Oil and natural-gas projects on the U.K. continental shelf will attract investments in the next three years as crude prices top $100 a barrel, Wood Mackenzie Consultants Ltd. said.
Energy explorers spent a record 7.5 billion pounds ($11.6 billion) on U.K. projects in 2011, the Edinburgh-based consultant said today in its annual review. Investments will stay “consistently high” until at least 2014 as new fields are developed and existing projects expand, it said.
Brent crude oil rose 13 percent last year, peaking at $126.65 on April 8 as the dollar weakened and Libyan oilfields suffered attacks by forces loyal to Muammar Qaddafi. Brent for February delivery is still trading above $107 a barrel on the London-based ICE Futures Europe exchange.
High prices helped drive a boom in U.K. energy acquisitions in 2011, the most active year for deals in the British oil and gas industry since 2005, Wood Mackenzie said. The biggest transaction was Apache Corp.’s $1.25 billion purchase of Exxon Mobil Corp.’s North Sea assets, announced in September, according to data compiled by Bloomberg.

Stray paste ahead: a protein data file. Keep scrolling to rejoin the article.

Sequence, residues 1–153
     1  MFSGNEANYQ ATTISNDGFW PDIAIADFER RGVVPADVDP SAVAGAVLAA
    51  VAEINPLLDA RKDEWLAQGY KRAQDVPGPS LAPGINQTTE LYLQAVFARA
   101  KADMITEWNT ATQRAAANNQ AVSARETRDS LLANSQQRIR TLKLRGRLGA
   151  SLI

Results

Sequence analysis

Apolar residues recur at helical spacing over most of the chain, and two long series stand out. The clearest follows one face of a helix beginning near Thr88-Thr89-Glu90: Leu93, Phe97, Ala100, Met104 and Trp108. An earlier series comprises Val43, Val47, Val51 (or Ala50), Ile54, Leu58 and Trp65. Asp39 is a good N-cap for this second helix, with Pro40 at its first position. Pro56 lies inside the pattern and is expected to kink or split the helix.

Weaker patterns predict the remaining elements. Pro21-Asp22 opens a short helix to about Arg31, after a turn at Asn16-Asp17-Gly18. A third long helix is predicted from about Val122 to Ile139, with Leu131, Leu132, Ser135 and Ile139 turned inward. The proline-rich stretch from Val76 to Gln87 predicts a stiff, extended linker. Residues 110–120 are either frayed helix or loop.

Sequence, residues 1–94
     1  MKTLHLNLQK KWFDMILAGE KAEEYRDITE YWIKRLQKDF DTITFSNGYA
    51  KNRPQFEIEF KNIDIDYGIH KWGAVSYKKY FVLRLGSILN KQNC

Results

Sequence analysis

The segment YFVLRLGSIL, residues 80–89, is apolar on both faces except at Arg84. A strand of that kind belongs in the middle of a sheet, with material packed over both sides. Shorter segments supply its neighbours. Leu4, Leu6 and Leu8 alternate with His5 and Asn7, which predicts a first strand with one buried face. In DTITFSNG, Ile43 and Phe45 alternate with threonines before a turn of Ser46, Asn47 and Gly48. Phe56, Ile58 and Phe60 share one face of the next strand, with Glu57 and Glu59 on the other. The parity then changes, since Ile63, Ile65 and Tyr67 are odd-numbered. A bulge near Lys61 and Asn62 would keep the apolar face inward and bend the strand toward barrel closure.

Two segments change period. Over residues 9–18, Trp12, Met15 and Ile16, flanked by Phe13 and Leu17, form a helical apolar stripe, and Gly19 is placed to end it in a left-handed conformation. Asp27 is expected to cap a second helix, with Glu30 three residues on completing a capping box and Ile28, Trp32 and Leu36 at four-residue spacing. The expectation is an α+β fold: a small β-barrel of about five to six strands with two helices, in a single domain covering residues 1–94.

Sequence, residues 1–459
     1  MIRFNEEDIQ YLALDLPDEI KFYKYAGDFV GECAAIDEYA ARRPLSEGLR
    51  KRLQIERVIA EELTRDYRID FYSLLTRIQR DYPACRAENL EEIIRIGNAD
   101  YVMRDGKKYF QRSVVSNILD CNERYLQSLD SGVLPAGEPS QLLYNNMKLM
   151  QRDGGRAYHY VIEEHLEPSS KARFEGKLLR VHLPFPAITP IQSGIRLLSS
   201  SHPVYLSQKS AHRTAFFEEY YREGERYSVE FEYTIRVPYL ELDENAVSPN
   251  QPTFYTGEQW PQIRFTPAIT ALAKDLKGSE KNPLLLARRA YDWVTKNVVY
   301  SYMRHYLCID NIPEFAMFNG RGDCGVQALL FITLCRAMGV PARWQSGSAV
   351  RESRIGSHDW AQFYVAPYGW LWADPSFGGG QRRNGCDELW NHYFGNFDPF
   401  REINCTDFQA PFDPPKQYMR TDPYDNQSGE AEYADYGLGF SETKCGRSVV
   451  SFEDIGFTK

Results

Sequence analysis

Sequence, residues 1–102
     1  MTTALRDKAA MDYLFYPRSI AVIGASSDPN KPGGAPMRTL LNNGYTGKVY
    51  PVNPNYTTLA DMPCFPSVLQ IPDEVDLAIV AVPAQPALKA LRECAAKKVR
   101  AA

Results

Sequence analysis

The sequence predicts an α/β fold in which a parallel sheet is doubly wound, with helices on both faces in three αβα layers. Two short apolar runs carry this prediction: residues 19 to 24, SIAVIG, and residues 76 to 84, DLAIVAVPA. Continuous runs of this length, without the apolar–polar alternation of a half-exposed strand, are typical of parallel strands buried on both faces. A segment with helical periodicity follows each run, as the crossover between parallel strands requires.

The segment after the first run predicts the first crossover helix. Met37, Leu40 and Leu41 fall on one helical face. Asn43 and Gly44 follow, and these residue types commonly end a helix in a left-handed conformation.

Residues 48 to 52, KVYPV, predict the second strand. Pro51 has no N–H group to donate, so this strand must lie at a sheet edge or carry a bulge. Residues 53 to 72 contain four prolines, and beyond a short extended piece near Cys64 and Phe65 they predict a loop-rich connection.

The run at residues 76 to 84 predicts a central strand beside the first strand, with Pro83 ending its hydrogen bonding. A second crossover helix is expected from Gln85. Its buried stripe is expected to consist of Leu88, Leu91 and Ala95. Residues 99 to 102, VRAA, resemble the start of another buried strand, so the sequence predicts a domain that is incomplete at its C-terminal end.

Britain also released new permits for exploration in its 26th licensing round, awarding acreage to companies including Bridge Energy ASA, North Sea Energy Inc. and Serica Energy Plc.
“The U.K. upstream industry continued on an upwards curve” last year, even with an increase in taxes, Wood Mackenzie said. The licensing round confirmed “the increasing appetite for U.K. exploration acreage,” it said.
Total SA, Statoil ASA and Chevron Corp. are spearheading a $38.2 billion investment drive in U.K. North Sea fields, the consultant said in October. The companies are targeting 50 deposits with an estimated 2 billion barrels of resources, which will account for a third of Britain’s forecast output by 2019.